Language, media, environmentalism, globalization, nation, urbanism, race, gender, sexuality, history, creativity. For us, this is a French curriculum for the mid-21st century.
Double majors in French and a second field (such as political science, economics, business, art history, communication, linguistics, sociology, anthropology, GSWS, or another foreign language) allow students to explore interdisciplinary interests that help to focus and personalize their program of study. French is an excellent complement to majors in science or computer science/information as well. Employers in many areas appreciate competency in other cultures and language proficiency beyond English. A French major is an excellent way to show that you have a global perspective since French is so widely spoken around the world.
Honors in French
To earn departmental honors in French, students must demonstrate superior performance in departmental courses, and be enrolled in 1000-level French courses, preferably no later than the first term of their junior year. Selection of honors candidates takes place in the second term of students’ junior year. To qualify for departmental honors, students must complete and present a research paper. Work on this project customarily takes place over three terms, as follows:
- During the summer before the senior year, students choose an appropriate topic with their faculty advisor and begin independent preparatory work, which will lead to the writing of a rough draft.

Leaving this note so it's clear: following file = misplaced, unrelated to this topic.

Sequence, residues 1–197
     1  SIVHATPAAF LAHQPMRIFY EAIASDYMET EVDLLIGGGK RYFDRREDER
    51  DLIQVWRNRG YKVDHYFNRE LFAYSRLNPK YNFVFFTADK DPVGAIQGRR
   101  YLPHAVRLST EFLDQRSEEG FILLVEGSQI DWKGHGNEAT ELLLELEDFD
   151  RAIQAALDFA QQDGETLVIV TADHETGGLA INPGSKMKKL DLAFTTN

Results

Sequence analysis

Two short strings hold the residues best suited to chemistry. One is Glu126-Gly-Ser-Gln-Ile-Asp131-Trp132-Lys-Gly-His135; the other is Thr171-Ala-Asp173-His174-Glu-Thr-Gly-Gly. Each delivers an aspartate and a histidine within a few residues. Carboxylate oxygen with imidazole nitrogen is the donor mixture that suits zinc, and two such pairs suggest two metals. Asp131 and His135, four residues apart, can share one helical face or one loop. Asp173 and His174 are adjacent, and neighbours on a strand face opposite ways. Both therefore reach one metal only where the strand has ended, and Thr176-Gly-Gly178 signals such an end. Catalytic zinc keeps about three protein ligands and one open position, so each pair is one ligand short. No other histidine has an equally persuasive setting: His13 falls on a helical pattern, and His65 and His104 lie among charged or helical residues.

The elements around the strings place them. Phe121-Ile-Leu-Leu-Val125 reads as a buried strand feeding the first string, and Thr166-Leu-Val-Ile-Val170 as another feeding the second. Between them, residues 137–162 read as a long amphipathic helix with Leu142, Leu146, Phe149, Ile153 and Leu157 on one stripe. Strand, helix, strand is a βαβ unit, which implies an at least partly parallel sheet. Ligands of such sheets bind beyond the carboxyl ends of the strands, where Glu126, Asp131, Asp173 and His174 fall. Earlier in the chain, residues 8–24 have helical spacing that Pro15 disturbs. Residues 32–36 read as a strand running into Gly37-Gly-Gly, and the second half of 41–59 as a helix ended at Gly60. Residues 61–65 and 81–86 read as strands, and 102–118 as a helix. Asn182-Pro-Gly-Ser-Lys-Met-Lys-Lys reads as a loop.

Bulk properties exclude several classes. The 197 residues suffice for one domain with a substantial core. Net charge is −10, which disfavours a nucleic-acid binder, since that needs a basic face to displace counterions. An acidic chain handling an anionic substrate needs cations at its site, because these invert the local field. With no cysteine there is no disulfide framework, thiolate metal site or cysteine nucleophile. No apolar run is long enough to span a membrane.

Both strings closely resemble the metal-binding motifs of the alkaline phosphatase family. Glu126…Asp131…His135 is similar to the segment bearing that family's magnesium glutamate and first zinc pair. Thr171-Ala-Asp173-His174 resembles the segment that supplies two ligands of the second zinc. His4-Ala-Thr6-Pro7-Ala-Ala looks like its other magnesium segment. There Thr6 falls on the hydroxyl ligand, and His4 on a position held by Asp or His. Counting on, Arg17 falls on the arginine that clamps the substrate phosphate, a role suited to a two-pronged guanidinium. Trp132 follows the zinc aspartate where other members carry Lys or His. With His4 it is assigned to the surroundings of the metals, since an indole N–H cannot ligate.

- In the fall term of their senior year, students continue researching and begin writing their paper. This work must be done in close consultation with their faculty advisor.
- In the spring term, students finish writing the paper and present the thesis before a faculty committee of three people (at least two of whom must have primary or secondary appointments in the Dept. of French & Italian at Pitt main campus).
Honors will be determined by the quality of the paper and the presentation, as well as the cumulative grades in all departmental courses counting toward the major. The presentation will be done in French.
New for Fall 2020: La Parlotte
Thursdays, 4-5pm. Hosted by PhD student Pat Nikiema. Come speak French in a relaxed and informal way on Zoom. Chat with other French students, French faculty and PhD students en français. All levels welcome! In the future, we will move back to the Posvar Global hub (main floor of Posvar Hall).
All majors are also highly encouraged to spend a year or a semester in a Francophone country. In addition to the department’s highly successful language, literature and culture program in Nantes, a new professional skills program in Paris, launched in 2016, provides students the opportunity to cultivate readily transferrable language skills to the workplace. Many students have taken the opportunity to earn credits toward the major or minor and improve their language skills while experiencing firsthand the life and culture of France.
In just these last few years, dozens of students have taken the opportunity to earn credits toward the major and improve their language skills while experiencing firsthand the life and culture of the French-speaking world.
Financial Support for Study Abroad
The Study Abroad Scholarship Fund, the Nationality Rooms Scholarships, and French and Italian Departmental scholarships support summer study abroad, and students may apply to a number of other sources for financial support.
After Graduation: TAPIF Program in France
After graduating, several French majors each year are funded through the TAPIF program in France. Students from our department have a high rate of acceptance, and we will help you write a competitive application and secure letters of recommendation. A year in France can help solidify your French and prepare you for later work.